Rearrangement of MICU1 Multimers for Activation of MCU is Solely Controlled by Cytosolic Ca(2.)

Scientific Reports. Oct, 2015  |  Pubmed ID: 26489515

Mitochondrial Ca(2+) uptake is a vital process that controls distinct cell and organelle functions. Mitochondrial calcium uptake 1 (MICU1) was identified as key regulator of the mitochondrial Ca(2+) uniporter (MCU) that together with the essential MCU regulator (EMRE) forms the mitochondrial Ca(2+) channel. However, mechanisms by which MICU1 controls MCU/EMRE activity to tune mitochondrial Ca(2+) signals remain ambiguous. Here we established a live-cell FRET approach and demonstrate that elevations of cytosolic Ca(2+) rearranges MICU1 multimers with an EC50 of 4.4 μM, resulting in activation of mitochondrial Ca(2+) uptake. MICU1 rearrangement essentially requires the EF-hand motifs and strictly correlates with the shape of cytosolic Ca(2+) rises. We further show that rearrangements of MICU1 multimers were independent of matrix Ca(2+) concentration, mitochondrial membrane potential, and expression levels of MCU and EMRE. Our experiments provide novel details about how MCU/EMRE is regulated by MICU1 and an original approach to investigate MCU/EMRE activation in intact cells.

Resveratrol Specifically Kills Cancer Cells by a Devastating Increase in the Ca2+ Coupling Between the Greatly Tethered Endoplasmic Reticulum and Mitochondria

Cellular Physiology and Biochemistry : International Journal of Experimental Cellular Physiology, Biochemistry, and Pharmacology. 2016  |  Pubmed ID: 27606689

Resveratrol and its derivate piceatannol are known to induce cancer cell-specific cell death. While multiple mechanisms of actions have been described including the inhibition of ATP synthase, changes in mitochondrial membrane potential and ROS levels, the exact mechanisms of cancer specificity of these polyphenols remain unclear. This paper is designed to reveal the molecular basis of the cancer-specific initiation of cell death by resveratrol and piceatannol.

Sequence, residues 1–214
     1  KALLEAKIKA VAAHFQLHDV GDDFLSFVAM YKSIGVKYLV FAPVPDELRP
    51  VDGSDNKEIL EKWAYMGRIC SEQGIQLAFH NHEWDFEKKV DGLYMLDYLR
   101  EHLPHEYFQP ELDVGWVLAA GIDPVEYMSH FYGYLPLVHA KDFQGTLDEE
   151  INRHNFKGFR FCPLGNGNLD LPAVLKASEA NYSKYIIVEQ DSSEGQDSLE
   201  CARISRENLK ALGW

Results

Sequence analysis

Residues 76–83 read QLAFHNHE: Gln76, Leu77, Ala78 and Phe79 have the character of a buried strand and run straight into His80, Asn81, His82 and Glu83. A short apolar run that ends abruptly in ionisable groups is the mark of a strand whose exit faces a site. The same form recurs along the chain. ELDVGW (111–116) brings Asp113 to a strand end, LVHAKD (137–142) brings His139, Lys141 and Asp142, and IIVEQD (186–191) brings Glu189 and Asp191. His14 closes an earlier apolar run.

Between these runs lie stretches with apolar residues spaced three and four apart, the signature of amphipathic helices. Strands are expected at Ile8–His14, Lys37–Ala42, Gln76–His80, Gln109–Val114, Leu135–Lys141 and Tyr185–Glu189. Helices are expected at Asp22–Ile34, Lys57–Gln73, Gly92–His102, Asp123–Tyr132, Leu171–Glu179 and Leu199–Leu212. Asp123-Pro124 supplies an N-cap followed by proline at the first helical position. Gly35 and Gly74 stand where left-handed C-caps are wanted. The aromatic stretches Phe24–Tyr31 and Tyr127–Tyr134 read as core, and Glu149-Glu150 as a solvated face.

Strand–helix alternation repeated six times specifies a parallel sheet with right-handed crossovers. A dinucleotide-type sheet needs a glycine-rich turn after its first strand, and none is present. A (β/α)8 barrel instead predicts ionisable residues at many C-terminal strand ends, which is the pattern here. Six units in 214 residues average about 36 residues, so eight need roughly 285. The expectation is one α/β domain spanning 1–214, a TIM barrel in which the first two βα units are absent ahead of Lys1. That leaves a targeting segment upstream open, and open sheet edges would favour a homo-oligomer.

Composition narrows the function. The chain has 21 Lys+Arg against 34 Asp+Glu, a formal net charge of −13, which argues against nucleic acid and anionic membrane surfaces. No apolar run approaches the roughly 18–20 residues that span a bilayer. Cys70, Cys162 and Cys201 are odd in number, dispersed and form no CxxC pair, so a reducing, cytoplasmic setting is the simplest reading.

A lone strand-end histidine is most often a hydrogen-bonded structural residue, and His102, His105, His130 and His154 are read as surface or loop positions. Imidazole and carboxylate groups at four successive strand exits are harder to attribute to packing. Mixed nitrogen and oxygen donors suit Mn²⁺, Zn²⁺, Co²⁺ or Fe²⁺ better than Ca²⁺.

PRMT1-mediated Methylation of MICU1 Determines the UCP2/3 Dependency of Mitochondrial Ca(2+) Uptake in Immortalized Cells

Nature Communications. Sep, 2016  |  Pubmed ID: 27642082

Recent studies revealed that mitochondrial Ca(2+) channels, which control energy flow, cell signalling and death, are macromolecular complexes that basically consist of the pore-forming mitochondrial Ca(2+) uniporter (MCU) protein, the essential MCU regulator (EMRE), and the mitochondrial Ca(2+) uptake 1 (MICU1). MICU1 is a regulatory subunit that shields mitochondria from Ca(2+) overload. Before the identification of these core elements, the novel uncoupling proteins 2 and 3 (UCP2/3) have been shown to be fundamental for mitochondrial Ca(2+) uptake. Here we clarify the molecular mechanism that determines the UCP2/3 dependency of mitochondrial Ca(2+) uptake. Our data demonstrate that mitochondrial Ca(2+) uptake is controlled by protein arginine methyl transferase 1 (PRMT1) that asymmetrically methylates MICU1, resulting in decreased Ca(2+) sensitivity. UCP2/3 normalize Ca(2+) sensitivity of methylated MICU1 and, thus, re-establish mitochondrial Ca(2+) uptake activity. These data provide novel insights in the complex regulation of the mitochondrial Ca(2+) uniporter by PRMT1 and UCP2/3.

Waiting
simple hit counter